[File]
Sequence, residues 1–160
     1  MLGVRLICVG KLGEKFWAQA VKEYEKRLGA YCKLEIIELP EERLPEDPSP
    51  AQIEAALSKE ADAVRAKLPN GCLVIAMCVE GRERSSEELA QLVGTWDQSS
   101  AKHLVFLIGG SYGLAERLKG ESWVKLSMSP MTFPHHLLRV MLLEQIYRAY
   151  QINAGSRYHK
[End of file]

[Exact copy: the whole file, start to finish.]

Sequence, residues 1–160
     1  MLGVRLICVG KLGEKFWAQA VKEYEKRLGA YCKLEIIELP EERLPEDPSP
    51  AQIEAALSKE ADAVRAKLPN GCLVIAMCVE GRERSSEELA QLVGTWDQSS
   101  AKHLVFLIGG SYGLAERLKG ESWVKLSMSP MTFPHHLLRV MLLEQIYRAY
   151  QINAGSRYHK